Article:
November 2012 is more than a year away, but White House and congressional contenders are already hitting the campaign trail. It’s typically easier for local incumbents to gain re-election than it is for outsiders to be elected. This is because familiarity breeds trust. The same applies to marketing, if you already have an affiliation with a website, there is a much greater likely hood that they’ll be willing to link to you.
As you should always start a link acquisition campaign by contacting those you already know, below are a few steps to help you get started.
Identify Your Voters
First you’ll need to create a spreadsheet of contacts to outreach to. This should include businesses and organizations that you work with in any capacity.
- Business Associates
List all of your major suppliers and service providers. You give them your business, the least they can do is link to you. Review your regular customers, if they carry a significant amount of your product and you have a decent relationship with them, add them to the spreadsheet.
Review and list any nonprofits you have donated your business services, cash or items to. Even if it was a onetime thing, such as speaking at a career day, you should contact them.
If you have any speaking engagements planned, go to the hosting organization’s website. They should have a list of speaker biographies that you can request a link be placed in.
Although you already have an affiliation with the websites you’ll be reaching out to, you’ll want to reacquaint yourself with them if your interaction has been limited over the past few months. Even the most well-known politicians have to campaign, they don’t just send an email asking for your vote the week before the election. If you find an article that you think a contact would be interested in, share it with them. If they’re a customer, ask for feedback about a particular product or ways you can improve your service. Basically, do anything you can to remind them that you still exist and that you care about them.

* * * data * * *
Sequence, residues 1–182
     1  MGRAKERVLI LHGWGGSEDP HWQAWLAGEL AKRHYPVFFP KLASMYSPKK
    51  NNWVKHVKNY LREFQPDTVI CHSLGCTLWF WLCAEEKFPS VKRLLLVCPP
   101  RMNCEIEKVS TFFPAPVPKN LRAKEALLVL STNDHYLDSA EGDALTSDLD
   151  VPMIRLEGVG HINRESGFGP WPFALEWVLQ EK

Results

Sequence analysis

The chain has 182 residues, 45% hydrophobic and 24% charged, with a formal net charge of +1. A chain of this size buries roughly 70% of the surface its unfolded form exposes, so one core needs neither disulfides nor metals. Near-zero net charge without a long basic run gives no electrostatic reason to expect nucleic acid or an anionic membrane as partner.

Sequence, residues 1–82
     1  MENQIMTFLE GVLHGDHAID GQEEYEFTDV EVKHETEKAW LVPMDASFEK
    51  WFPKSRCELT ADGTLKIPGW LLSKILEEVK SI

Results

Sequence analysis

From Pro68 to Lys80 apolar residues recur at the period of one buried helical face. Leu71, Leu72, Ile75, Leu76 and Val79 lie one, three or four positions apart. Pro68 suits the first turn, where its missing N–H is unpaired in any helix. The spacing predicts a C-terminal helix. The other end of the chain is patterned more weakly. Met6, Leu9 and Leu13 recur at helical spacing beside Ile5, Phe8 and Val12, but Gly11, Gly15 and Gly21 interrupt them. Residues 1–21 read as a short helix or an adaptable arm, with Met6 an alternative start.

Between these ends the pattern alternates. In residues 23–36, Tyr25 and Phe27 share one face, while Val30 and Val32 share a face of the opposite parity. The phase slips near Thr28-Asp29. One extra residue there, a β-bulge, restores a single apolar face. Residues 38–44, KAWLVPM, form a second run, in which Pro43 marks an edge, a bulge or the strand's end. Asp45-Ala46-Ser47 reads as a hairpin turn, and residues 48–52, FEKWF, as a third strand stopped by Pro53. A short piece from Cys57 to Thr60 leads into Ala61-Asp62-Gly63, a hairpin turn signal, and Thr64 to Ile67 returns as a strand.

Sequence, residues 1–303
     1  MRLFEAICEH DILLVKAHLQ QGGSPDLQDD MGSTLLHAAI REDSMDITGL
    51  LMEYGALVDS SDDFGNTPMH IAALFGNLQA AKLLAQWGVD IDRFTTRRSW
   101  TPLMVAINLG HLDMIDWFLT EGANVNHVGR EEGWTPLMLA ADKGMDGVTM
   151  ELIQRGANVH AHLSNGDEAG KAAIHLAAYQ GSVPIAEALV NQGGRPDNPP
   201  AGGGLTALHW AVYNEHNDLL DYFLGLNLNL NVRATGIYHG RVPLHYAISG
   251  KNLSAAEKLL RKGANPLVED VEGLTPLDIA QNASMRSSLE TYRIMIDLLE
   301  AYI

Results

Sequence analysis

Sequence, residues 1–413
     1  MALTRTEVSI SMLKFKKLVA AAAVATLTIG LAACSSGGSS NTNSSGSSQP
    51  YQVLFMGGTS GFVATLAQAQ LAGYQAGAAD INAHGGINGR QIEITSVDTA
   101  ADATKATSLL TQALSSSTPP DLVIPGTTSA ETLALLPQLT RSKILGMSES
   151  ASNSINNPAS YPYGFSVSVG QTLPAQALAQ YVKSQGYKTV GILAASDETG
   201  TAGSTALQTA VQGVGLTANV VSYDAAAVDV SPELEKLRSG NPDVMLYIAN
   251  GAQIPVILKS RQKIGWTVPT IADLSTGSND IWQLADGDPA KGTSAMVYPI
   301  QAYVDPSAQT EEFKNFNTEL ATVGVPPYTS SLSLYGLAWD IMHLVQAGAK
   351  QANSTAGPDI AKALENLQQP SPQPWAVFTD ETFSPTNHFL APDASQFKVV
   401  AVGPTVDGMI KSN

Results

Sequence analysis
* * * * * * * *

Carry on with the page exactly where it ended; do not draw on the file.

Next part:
Ask for the Vote
Before making contact you’ll need to craft your template. Although you can make your request over the phone, sending an email will allow you to easily show where you want the link.
- Like a speech, the more original and personable the better. Reference past conversations or touch on any company news you discovered on their website.
- Know what keywords and anchor text you’ll request, if you have a decent rapport—ask that they use it. If the relationship is fairly new, drop hints by using your desired anchor text as a hyperlink in your email.
- Since you’ve done your research and know the exact page you want your link on, include this URL in your request email. You want to make it as easy and clear for them as possible.
If there are other links on the target page—such as a list of distributors—include your link in a similar format. If all the other links have a logo and a few sentences, be sure to include the same in your email.
- Emphasize what’s in it for them. Will they be able to provide their visitors with useful information, flaunt their affiliation with your awesome brand, or receive early information?
If your list of prospects is short, start building relationships. Interact with your customers more, go to networking events and donate extra supplies to a local nonprofit. Oh, and from a SEO point of view, it helps if the charity you pick has a website with a decent page authority.